December 21, 2011 - Phil Hodgen

Calculate tax on distributions from foreign trusts using the default method

[Written on December 20, 2011.]

Warning Shots, Pre-Emptive Strikes, and Other Cautions to Internet Scholars

You’d be a damn fool to rely on this as legal advice. I’ve been wrong many times before, and this might be wrong, too. Go hire some smart tax lawyer or tax accountant to figure out what’s going on with your situation. You might be surprised to find you have a foreign trust when you thought you had a domestic trust. Or indeed, the reverse might be true. This subject is hideously complex and what follows is about as deep as stick figures scrawled in the sand with your finger. KTXHBAI.

Background Assumptions

Let’s say a foreign trust was established decades years ago. It is an irrevocable trust. It contains the usual provisions found in most foreign trusts. A class of beneficiaries is named, and the trustee has discretion in making distributions to the beneficiaries. The trustee has power to add or remove beneficiaries in its discretion.

You know very little about the trust, and accounting records are not accessible. The trust has about a couple of million dollars in it, and there is a single U.S. beneficiary. The trustee intends to terminate the trust and distribute all of the assets to the beneficiary.


The question is simple: if the trust distributes all of its assets to a U.S. beneficiary now, what will be the income tax cost?

The tax rules that apply

A U.S. beneficiary has no U.S. income tax liability until receiving a distribution from the trust.
There are three categories of distributions:

  • Distributions of capital. This is tax-free to the beneficiary.
  • Distributions of current income. Income earned in the year in which it is distributed is taxed in the routine method that other income is taxed to the beneficiary. Dividends and interest are taxed at ordinary tax rates, and long term capital gain is taxed at a favorable rate.
  • Distributions of accumulated income. Income earned in prior years and distributed in the current year will be taxed at ordinary tax rates, to which is added an interest surcharge.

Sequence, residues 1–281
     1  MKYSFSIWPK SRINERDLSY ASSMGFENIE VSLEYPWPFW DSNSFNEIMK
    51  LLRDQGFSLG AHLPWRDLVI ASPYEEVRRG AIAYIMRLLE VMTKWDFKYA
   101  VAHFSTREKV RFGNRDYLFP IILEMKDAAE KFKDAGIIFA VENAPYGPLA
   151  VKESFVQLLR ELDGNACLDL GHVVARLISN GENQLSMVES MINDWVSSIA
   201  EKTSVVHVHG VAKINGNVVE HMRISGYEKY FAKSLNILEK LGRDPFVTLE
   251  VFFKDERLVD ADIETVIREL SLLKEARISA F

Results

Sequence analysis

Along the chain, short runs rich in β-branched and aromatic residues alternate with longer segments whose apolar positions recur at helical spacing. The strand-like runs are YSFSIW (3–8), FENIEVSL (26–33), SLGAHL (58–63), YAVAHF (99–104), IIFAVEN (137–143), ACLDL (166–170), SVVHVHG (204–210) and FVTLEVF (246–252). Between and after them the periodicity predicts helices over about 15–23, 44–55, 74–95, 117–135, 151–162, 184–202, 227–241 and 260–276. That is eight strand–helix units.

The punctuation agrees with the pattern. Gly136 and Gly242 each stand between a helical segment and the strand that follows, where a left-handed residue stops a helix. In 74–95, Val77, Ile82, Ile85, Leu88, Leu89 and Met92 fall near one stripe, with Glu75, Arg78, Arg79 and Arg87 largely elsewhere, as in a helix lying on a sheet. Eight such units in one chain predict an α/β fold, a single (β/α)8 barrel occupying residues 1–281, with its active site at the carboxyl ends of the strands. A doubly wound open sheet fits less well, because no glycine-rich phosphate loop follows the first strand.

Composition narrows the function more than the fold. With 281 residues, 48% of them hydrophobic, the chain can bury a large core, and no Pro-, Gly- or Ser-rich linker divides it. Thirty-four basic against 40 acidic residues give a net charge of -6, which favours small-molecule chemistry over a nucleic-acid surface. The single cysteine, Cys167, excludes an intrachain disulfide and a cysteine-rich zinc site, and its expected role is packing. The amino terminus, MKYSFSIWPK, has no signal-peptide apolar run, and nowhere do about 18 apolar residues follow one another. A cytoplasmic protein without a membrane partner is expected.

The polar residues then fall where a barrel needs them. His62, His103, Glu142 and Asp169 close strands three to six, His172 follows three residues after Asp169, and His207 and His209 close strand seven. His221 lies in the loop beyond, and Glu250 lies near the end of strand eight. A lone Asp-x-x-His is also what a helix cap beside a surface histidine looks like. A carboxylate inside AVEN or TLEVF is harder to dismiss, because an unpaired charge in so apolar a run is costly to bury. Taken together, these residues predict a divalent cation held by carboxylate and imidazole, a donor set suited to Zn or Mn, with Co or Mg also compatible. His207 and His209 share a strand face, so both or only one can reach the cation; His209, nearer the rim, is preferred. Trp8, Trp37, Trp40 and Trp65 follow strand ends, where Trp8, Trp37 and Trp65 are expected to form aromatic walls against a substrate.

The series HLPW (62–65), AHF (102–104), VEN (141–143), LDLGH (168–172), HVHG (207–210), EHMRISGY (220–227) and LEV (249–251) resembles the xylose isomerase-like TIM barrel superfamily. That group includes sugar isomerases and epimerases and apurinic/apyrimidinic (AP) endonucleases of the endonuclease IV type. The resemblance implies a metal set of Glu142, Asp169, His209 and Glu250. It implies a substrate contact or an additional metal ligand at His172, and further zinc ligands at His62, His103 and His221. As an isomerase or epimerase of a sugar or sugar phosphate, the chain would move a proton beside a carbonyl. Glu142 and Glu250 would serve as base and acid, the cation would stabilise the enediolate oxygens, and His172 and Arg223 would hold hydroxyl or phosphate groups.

The key to sanity as a tax return preparer is knowing exactly what you have.

Trust accounting records exist

If good trust accounting records exist, that is the procedure to follow in calculating the beneficiary’s U.S. tax obligations for a trust distribution received. Generally, you can see this procedure at work in Form 3520, Part III, Schedule B.

That’s not what we are going to deal with here. We assume that the trustee either does not have adequate accounting records or the trustee refuses to provide the necessary information.

Trust accounting records are lacking

If the trust accounting records are lacking, the Internal Revenue Code has a default method for taxing trust distributions to a U.S. beneficiary from a foreign trust. And the default presumption is that the entire distribution is from the worst possible category: it is a distribution of accumulated income.

Everything is treated as ordinary income–including long term capital gains that were not distributed in the year recognized. Worse yet, an interest charge is imposed on the calculated income tax on the distribution.

This lesson teaches you how to calculate the accumulation distribution tax (and companion interest charge) when you have no trust accounting records to work with.

Step 1: Calculate the Distribution Amount

The first thing to calculate is the amount of the distribution that the U.S. beneficiary received. This is done in Form 3520, Part III. Lines 24 through 28 walk you through the different types of transactions that are considered distributions from trusts.

  • Classic distributions of cash or property are listed at Line 24.
  • Loans from trusts are treated as distributions. These can be problematic because the loans need not be to the beneficiary–they can be to related persons and still be considered as distributions to the U.S. beneficiary. See Form 3520, Part III, Line 25.
  • Use of trust assets without paying for the use (living rent-free in a trust-owned house, for instance) is treated as a loan, hence is deemed to be a trust distribution. See Form 3520, Part III, Line 25.
  • Line 27 is the grand total. This is the total amount of trust distributions received by the beneficiary from the foreign nongrantor trust in the tax year.

Step 2: Committing Yourself to the Default Calculation Method

Now that you know the amount of the trust distribution, it is time to compute the income tax due. Here is where the IRS asks you about the quality of the trust accounting. Form 3520, Part III, Line 30 asks you whether you received a Foreign Nongrantor Beneficiary Statement. Think of this like the free-form equivalent to a Schedule K-1 received from a domestic trust.